What an absolutely historic day! Nine judges of the Supreme Court of India ruled that privacy is a fundamental right. To say that this judgment would have far-reaching effects for the future would be underselling it. The court seems to have explored every nook and cranny in their thick 547-page judgment, ranging from surveillance to big data to sexual orientation to the nature of our Constitution and how it defines fundamental rights.
Here's a sample to show you the flair with which the judgment has been written:
"The document [Indian Constitution] itself, though inked in a parched paper of timeless value, never grows old. Its ideals and values forever stay young and energetic, forever changing with the times. It represents the pulse and soul of the nation and like a phoenix, grows and evolves, but at the same time remains young and malleable."
Hat tip to Justice Sanjay Kishan Kaul for expressing his thoughts with such flourish!
This judgment was made after the Government challenged the citizens' fundamental right to privacy after petitioners pointed out Aadhaar violates that right. Think of this case as an umbrella to protect a person from incoming rain. The Aadhaar case is separate, like a raincoat, to protect the citizen from getting splashed sideways. While we now have a proverbial umbrella to save us from the torrential rain, we are yet to get our raincoat.
A separate bench will deal with whether or not Aadhaar violates our newly reinstated right to privacy. Based on my limited and quick reading of the judgment (#NotALawyer), I feel we should be optimistic about it, but cautiously: The reasonable restrictions, which accompany every fundamental right, were not exactly spelt out in this judgment.
The right to privacy, in an Indian context, has raised a lot of eyebrows and continues to do so. Arguments like "I have nothing to hide, so why need privacy?" and "Oh, it's all a western concept. Indians have no sense of privacy!" are being thrown around a lot. The reason why these arguments were being brought up, in my opinion, is because we do not have a clear concept of privacy in general.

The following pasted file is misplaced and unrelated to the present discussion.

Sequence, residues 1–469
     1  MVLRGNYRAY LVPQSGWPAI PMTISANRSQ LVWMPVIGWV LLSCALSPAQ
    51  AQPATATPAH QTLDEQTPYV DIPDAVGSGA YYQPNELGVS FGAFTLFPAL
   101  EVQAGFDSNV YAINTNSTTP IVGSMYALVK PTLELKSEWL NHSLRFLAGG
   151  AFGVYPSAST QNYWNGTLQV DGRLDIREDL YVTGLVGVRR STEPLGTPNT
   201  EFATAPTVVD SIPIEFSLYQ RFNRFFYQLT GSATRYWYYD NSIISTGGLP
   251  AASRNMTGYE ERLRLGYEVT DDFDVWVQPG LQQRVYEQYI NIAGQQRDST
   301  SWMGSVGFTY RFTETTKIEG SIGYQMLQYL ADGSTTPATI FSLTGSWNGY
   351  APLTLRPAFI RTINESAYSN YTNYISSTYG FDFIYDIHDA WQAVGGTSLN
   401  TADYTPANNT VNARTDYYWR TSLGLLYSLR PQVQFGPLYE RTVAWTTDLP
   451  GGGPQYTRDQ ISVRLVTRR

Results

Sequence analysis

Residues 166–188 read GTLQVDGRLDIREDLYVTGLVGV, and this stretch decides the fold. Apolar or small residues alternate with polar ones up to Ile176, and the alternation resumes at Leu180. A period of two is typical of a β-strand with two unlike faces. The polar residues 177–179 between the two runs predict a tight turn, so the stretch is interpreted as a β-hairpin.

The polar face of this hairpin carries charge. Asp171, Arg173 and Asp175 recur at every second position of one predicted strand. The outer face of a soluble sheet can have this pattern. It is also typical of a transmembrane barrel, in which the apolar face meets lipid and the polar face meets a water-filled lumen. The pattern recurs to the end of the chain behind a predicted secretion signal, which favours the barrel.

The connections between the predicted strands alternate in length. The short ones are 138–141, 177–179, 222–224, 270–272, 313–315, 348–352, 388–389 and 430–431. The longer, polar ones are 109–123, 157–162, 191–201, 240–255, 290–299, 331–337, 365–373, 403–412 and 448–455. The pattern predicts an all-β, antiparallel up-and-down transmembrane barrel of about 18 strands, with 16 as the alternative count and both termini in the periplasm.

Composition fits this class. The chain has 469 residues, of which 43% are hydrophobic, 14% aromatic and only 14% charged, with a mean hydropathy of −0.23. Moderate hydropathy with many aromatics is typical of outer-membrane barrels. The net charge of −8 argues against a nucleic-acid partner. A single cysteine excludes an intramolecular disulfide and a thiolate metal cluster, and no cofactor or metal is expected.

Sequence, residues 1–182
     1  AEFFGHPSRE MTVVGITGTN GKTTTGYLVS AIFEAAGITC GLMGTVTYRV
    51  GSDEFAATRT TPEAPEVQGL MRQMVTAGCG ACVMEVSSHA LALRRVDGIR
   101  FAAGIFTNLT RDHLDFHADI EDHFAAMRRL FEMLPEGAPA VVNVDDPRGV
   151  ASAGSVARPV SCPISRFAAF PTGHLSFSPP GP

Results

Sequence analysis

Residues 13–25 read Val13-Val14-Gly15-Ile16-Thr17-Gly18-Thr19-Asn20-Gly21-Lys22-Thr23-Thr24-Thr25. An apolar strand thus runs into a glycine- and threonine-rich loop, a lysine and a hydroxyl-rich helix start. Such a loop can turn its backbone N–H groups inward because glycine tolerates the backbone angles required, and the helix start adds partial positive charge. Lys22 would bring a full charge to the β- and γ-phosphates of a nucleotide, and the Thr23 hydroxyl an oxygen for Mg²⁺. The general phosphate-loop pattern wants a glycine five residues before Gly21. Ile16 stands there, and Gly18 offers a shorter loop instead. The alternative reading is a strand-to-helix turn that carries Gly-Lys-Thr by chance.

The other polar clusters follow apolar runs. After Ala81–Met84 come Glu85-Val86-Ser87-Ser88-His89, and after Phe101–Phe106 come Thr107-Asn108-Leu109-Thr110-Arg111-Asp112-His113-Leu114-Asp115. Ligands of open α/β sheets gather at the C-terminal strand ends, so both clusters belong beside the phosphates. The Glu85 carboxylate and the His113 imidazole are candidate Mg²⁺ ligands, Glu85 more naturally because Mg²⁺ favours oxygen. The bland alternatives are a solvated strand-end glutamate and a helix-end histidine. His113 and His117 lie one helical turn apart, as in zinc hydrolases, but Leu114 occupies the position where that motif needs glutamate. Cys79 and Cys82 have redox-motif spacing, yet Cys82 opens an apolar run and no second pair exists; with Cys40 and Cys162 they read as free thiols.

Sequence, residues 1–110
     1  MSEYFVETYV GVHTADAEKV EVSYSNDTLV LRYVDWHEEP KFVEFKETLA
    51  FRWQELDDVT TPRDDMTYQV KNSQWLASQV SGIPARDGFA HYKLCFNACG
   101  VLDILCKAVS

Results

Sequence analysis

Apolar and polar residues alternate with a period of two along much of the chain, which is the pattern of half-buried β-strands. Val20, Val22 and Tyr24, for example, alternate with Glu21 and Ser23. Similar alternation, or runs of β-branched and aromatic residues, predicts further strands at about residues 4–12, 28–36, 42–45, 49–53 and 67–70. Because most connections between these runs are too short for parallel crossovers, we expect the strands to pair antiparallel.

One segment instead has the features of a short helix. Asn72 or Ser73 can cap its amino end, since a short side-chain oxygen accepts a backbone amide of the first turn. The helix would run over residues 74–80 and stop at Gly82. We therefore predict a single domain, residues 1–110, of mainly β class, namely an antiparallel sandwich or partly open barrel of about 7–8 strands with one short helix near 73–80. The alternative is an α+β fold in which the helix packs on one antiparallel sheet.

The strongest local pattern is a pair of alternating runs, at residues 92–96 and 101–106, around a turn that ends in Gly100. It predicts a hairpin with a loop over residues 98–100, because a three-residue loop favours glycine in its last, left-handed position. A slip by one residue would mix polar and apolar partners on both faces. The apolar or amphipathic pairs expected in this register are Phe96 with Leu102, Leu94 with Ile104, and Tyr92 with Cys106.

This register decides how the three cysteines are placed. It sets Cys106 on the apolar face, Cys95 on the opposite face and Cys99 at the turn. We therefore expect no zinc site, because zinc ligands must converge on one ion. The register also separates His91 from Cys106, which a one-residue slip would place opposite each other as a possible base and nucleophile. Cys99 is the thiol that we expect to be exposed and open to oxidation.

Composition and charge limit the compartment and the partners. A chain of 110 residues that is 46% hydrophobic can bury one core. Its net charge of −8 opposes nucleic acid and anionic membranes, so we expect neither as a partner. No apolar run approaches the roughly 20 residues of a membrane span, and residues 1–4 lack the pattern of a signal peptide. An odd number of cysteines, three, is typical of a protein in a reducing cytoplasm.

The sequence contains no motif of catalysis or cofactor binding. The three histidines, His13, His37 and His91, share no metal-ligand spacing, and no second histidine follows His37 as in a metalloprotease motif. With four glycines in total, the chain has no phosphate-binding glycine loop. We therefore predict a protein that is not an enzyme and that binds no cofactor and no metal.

Growing up in a joint family, devoid of any physical private space, it took me while to grasp my head around what privacy actually means. Parents peeping into their kids' personal diary and checking their text messages to see what we are upto ("OMG, are you having an affair?! Focus on your studies boy!") is a common occurrence. If you go lower down the socio-economic ladder and consider people who live in tiny slum houses, where space constraints are stretched to the max, it would be even more difficult to explain the concept of privacy to them. It's hard to explain to a family of five who live in a one-room hut what privacy means.
But because we have no clear concept of what it means or how significant it is, is it wrong to even ask for such a right? Clearly not. And the SC has reasoned it out in its thick judgment today.
I've had arguments with a dear lawyer friend, who also played a role in fighting this case, about the approach to be taken in order to bring about social change. I believe there are two ways in which social change is set in motion: Top-down and bottom-up.
The bottom-up approach would be when the collective human consciousness evolves, the environment forces them to change their behaviour and adapt. Following which, laws are changed to suit this new, evolved society.
The top-down approach would be when laws are made first, acknowledged by the courts, and then the society changes accordingly. What we are witnessing today is the latter. By giving legitimacy to the Right to Privacy, the Supreme Court has set in motion a social domino effect where citizens will now evolve and grow more comfortable with having their personal space (mental, physical and digital).
When Justice SK Kaul said the Constitution is an ever-changing, ever-evolving young document, I read it as: Only a few people in India truly realise the importance of having the Right to Privacy or why they need it to protect themselves from intrusive state and non-state actors. It's now time for the country as a collective to cherish this right, nurture it and use it to prevent losing its individuality.
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